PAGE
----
Total expenses were $88.5 million, an increase of $8.7 million, or 10.9%, from the previous year. Human resources costs rose as a result of the hiring of additional supervisory staff and staff to enhance the Corporate Services Sector, particularly in Information Management/Information Technology (IM/IT) and Finance. Facilities costs also increased due to the full year impact of the lease extension for OSFI’s Toronto’s office and IM/IT costs rose as work progressed on updating the regulatory financial returns to meet the upcoming requirements of International Financial Reporting Standards (IFRS).

Base Assessments by Industry

Base assessments are differentiated to reflect the share of OSFI’s costs allocated to each industry group (base assessments are the costs allocated to an industry, less user fees and charges and cost-recovered services revenues). The chart below compares the growth of base assessments by industry group over the past five years.

The increase in base assessments on the deposit-taking (DTI) institutions industry during the period from 2004–2005 to 2007–2008 reflects OSFI’s efforts on the New Capital Adequacy Framework (Basel II) implementation, Anti-Money Laundering/ Anti-Terrorism Financing (AML/ATF) activities, and international work on conceptual changes to accounting standards. The expiry in late 2007 of the agreement with major banks related to the implementation of the internal ratings-based approach of the New Basel Capital Accord was a further contributing factor to the increase in 2007–2008 and 2008–2009. In 2009–2010, growth in supervisory staff and the hiring of employees with current industry experience in credit, market and operational risks in order to focus more effort on higher risk institutions and products, the early detection of problem loan portfolios, and meeting the increasing number, frequency and intensity of international commitments were factors contributing to the growth in expenses.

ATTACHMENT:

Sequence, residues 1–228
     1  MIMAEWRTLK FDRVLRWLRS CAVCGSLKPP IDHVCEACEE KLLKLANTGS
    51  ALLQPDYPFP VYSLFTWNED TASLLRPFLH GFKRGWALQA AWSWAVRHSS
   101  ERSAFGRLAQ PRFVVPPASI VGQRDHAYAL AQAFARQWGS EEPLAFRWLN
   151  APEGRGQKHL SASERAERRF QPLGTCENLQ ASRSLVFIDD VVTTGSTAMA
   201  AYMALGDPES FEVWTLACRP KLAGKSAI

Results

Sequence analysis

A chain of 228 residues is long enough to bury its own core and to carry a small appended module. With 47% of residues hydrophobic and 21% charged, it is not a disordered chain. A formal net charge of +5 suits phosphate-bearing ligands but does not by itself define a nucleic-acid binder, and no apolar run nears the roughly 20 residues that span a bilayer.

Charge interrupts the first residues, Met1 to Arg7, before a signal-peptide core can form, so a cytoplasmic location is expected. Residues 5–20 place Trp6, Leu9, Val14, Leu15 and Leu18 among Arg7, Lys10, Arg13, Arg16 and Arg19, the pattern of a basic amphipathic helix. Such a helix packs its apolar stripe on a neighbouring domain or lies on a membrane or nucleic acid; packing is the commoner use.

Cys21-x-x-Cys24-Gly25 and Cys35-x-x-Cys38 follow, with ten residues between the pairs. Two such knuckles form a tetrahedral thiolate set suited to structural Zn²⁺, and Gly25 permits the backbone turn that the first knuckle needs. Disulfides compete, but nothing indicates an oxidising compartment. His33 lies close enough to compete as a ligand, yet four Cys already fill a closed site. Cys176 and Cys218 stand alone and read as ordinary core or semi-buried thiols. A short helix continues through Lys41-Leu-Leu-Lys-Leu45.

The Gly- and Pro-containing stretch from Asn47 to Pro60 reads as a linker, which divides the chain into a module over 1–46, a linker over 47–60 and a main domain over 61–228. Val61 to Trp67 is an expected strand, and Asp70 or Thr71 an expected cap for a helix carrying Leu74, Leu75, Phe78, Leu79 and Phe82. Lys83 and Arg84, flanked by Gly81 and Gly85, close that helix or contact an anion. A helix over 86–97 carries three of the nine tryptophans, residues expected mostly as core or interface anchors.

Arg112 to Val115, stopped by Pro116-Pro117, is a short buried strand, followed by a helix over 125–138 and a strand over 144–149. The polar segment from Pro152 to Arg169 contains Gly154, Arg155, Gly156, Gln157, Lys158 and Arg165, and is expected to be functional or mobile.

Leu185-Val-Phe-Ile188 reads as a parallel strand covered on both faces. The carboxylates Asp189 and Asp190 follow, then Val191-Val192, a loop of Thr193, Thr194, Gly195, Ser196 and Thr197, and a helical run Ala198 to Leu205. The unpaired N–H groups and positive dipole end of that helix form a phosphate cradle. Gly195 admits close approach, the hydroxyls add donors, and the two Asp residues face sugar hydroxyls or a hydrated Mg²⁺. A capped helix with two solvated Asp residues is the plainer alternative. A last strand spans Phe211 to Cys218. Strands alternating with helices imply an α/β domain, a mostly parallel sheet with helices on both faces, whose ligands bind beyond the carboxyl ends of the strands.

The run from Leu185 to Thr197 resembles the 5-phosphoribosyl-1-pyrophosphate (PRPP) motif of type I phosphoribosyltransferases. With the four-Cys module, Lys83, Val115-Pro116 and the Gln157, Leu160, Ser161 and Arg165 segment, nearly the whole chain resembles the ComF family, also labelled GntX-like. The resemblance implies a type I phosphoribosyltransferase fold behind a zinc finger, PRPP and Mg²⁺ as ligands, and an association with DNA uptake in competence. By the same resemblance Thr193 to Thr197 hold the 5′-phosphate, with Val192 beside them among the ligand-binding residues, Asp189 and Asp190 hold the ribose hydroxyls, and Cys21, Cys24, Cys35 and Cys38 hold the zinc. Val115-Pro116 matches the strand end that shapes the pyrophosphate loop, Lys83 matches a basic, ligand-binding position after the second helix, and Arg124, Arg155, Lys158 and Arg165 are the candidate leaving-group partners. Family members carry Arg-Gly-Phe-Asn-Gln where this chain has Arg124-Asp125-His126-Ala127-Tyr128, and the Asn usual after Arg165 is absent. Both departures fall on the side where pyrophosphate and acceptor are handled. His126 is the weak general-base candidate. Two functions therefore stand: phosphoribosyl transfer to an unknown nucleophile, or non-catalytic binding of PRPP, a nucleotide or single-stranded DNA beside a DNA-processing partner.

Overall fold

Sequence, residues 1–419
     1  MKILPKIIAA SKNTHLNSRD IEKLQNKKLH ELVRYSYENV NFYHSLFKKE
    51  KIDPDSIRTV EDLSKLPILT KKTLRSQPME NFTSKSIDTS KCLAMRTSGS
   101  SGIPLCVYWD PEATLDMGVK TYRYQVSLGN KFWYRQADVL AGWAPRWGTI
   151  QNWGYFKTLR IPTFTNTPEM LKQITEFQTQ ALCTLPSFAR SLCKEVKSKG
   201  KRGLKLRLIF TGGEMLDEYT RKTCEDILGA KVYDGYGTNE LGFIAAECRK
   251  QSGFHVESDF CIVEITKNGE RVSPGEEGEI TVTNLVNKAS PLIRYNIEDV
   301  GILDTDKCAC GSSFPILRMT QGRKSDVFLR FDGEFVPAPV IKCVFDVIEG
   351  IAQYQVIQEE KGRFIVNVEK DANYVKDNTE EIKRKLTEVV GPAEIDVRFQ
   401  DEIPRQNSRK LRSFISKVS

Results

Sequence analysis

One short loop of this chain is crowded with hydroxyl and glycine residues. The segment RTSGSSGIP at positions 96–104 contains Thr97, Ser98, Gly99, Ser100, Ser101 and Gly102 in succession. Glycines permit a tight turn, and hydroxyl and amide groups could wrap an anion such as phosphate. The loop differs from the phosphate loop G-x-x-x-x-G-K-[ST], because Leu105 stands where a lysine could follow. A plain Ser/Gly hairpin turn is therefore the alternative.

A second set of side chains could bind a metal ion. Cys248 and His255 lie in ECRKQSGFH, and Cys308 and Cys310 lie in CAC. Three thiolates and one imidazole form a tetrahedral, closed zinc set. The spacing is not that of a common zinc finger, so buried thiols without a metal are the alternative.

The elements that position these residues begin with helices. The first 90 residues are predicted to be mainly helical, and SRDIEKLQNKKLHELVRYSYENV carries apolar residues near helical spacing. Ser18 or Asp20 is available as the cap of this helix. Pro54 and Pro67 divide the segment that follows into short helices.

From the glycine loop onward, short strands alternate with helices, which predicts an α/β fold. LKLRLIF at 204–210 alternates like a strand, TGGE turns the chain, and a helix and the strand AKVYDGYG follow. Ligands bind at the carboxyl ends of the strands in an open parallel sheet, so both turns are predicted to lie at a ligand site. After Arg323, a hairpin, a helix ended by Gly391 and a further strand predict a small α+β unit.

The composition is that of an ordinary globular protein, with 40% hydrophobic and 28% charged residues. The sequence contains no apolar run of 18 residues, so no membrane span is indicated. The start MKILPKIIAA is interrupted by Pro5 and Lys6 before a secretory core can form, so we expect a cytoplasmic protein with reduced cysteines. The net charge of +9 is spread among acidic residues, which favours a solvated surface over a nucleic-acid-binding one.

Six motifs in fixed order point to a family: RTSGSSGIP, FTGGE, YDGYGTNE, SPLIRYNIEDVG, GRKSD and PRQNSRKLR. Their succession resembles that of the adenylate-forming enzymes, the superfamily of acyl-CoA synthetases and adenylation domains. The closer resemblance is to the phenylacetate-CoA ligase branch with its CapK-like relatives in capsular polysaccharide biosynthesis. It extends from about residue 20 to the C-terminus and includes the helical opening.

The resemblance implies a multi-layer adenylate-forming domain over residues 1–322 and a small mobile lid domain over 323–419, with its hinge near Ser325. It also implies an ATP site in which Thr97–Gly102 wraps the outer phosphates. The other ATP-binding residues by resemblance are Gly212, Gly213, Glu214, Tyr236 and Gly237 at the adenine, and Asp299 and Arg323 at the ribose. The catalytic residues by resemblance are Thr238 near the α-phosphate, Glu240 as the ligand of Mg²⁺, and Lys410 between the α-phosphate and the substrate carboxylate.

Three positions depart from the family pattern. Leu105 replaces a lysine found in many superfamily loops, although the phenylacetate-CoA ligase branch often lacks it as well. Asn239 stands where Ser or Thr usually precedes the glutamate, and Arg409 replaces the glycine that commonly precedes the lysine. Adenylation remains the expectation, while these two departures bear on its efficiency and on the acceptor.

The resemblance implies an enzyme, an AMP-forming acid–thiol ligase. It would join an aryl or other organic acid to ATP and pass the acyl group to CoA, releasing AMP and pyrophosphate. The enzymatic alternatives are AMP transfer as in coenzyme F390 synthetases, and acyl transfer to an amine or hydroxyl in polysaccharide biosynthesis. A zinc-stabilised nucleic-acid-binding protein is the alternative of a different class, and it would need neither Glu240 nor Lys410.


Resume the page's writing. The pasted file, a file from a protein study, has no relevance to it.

The increase in assessments on the property and casualty (P&C) insurance industry over the past five years reflects the increase in OSFI’s resources during 2004–2005 in response to this sector’s difficult economic conditions at the time, OSFI’s heightened efforts on actuarial and capital adequacy matters effective 2006–2007, and the addition of resources to strengthen OSFI’s actuarial expertise in this industry. The increase in 2009–2010 reflects OSFI’s greater focus on this sector due to weakening industry and market conditions, identification of emerging risks, focus on the IFRS implications for this industry, and its efforts on the Minimum Capital Test (MCT).

The decrease in assessments on the life insurance industry from 2004–2005 to 2005–2006 reflects the impact of consolidation among the major companies in this industry. The increase in 2006–2007 and 2007–2008 was the result of OSFI’s heightened efforts on more frequent reporting on the conglomerate institutions in this sector, AML/ATF activities, and capital modeling. The decrease in 2008–2009 reflects OSFI’s reallocation of resources to higher risk institutions and products within the DTI and P&C industries. The 2009–2010 increase can be attributed to the industry share of incremental OSFI resources to address economic and market conditions and emerging risks.

Base Assessments by Industry: Cumulative Growth Rates from Fiscal Year 2005

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Over the past five years, additional factors caused increases in base assessments on all industries: OSFI’s investments during 2006–2007 and 2007–2008 in large IM/IT projects such as business intelligence for monitoring and analytics; significant shifts in revenue types as a result of the rationalization of the user-pay regime in 2006–2007 and a reduction in surcharge assessments due to the favourable economic conditions at that time; effective 2006–2007, OSFI’s work on International Financial Reporting Standards (IFRS), which affects all regulated financial institutions; and, during 2008–2009 and 2009–2010 increases in systems and services to support growth in supervisory and regulatory sectors within the office. Starting in 2008–2009 and continuing through 2009–2010, prevailing economic and market conditions resulted in a significant increase in the number of staged institutions across all industries, and hence in surcharge assessments.